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I know there is a method in windows to ban the WIN key(To edit the register), and when I hit the WIN key, nothing happens.

However, can I use the key for key-bindings?

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What about the FAIL key? – Alex Jan 4 '12 at 21:39
I stumbled upon this and now that I look at the timestamp I realize I'm incredibly late to the party but...what on earth does this have to do with gaming? – Shinrai Mar 2 '12 at 23:32
up vote 5 down vote accepted

You can use a utility to rebind keys to other keys, or manually hack your registry to do so. Here's the source MSKB article that they used.

For instance, the following registry key will swap F11 and LWIN:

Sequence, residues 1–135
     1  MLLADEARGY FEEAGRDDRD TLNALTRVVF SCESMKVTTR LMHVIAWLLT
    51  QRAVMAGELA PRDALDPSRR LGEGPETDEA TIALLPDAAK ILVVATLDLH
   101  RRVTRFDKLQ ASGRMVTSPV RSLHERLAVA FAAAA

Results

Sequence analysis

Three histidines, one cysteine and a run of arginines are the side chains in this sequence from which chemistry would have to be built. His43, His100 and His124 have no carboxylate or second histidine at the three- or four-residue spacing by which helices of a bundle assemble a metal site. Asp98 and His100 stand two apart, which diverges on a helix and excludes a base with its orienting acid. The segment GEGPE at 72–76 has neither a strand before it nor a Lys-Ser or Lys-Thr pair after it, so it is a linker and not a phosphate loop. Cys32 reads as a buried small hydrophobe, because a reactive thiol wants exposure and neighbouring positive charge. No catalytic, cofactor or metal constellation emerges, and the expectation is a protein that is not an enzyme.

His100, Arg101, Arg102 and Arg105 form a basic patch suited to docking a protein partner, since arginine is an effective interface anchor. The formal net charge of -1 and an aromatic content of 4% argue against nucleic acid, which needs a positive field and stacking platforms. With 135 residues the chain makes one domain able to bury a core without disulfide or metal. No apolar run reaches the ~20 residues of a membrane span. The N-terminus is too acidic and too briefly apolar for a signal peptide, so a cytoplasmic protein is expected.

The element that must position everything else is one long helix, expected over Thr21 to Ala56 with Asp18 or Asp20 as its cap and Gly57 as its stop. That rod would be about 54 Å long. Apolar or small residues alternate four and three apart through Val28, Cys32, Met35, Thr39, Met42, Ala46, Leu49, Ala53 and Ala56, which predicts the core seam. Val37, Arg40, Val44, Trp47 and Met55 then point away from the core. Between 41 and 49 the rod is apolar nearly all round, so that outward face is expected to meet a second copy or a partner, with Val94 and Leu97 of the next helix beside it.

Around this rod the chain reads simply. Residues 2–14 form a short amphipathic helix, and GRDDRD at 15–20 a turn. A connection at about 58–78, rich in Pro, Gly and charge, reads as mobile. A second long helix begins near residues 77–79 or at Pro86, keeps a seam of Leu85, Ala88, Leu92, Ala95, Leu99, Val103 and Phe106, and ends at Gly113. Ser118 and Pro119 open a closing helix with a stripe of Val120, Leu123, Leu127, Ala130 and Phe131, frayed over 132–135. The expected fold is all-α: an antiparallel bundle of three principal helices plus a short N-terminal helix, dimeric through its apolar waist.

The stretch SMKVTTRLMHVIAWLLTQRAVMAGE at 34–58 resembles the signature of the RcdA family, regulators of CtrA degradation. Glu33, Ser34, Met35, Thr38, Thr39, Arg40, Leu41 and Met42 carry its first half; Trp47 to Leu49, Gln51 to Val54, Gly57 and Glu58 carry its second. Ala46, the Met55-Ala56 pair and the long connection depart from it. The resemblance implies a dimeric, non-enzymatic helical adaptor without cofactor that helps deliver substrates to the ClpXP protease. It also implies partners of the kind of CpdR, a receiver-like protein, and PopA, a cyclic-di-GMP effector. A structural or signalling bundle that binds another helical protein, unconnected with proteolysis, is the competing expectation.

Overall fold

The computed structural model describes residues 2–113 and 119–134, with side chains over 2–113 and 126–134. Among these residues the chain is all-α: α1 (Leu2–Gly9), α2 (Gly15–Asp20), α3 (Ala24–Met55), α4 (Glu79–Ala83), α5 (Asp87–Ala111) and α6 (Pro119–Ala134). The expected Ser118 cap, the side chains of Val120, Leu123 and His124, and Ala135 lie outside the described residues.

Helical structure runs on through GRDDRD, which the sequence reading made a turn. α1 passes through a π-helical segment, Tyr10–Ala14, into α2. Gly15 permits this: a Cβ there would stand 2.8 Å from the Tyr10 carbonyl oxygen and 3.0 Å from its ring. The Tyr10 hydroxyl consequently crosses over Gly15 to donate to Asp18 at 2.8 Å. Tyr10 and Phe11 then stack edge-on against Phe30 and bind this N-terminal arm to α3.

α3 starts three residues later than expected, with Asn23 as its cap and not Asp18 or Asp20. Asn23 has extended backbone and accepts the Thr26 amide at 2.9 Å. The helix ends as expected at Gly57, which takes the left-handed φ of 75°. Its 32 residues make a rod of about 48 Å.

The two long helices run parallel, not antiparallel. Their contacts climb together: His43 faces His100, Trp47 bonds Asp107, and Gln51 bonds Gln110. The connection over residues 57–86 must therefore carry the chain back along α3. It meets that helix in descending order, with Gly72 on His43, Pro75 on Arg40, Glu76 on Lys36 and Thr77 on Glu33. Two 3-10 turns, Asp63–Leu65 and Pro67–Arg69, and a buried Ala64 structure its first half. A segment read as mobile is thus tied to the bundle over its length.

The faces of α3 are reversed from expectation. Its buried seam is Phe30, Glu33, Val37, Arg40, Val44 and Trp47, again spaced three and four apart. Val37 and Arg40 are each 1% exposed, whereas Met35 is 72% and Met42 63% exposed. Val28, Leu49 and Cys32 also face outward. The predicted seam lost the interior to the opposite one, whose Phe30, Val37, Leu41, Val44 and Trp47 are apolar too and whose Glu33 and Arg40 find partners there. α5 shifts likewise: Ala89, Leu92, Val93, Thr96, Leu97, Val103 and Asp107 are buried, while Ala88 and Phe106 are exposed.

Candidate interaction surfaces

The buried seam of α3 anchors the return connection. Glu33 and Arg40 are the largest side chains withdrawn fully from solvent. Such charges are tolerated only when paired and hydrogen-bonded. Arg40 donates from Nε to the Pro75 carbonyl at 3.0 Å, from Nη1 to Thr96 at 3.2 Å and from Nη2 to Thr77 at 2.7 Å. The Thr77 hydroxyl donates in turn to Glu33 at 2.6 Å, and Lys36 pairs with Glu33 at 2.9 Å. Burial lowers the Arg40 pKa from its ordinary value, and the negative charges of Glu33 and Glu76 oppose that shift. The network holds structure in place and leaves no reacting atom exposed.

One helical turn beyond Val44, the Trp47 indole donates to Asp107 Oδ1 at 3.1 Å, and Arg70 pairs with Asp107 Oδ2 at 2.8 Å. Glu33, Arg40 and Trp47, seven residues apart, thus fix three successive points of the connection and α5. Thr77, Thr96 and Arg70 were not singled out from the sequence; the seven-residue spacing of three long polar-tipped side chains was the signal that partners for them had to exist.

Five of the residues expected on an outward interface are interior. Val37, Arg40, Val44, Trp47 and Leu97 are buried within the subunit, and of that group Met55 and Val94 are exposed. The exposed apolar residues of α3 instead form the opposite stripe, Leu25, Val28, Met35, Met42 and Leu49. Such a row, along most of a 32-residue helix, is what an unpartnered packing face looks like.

Windows Registry Editor Version 5.00

[HKEY_LOCAL_MACHINE\SYSTEM\CurrentControlSet\Control\Keyboard Layout]
"Scancode Map"=hex:00,00,00,00,00,00,00,00,03,00,00,00,57,00,5b,e0,5b,e0,57,00,\

Broken down:

  • 00,00,00,00,: Version (0)
  • 00,00,00,00,: Flags (0)
  • 03,00,00,00,: Number of entries, including trailing null (3)
  • 57,00,5b,e0,: The left Windows Key (E0 5B, it's backwards) is interpreted as an F11 (00 57)
  • 5b,e0,57,00,: F11 (00 57) is interpreted as the left Windows Key (E0 5B)
  • 00,00,00,00 : Null ("we're done")

After modifying your registry, you must relog (or restart) in order for the changes to take effect.

What scancode is what key? See this WHDC article, specifically the Word document in it. Use the values from the "scan 1 make" column. Alternatively, some "keyboard test" utilities will tell you.

Once you've remapped keys in windows, you can bind them as you see fit.

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I would recommend using AutoHotkey — no registry hacking required.

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+1 for a good application I used a lot on PC (now on a Mac and miss its simplicity) – LudoMC Jan 22 '11 at 20:40

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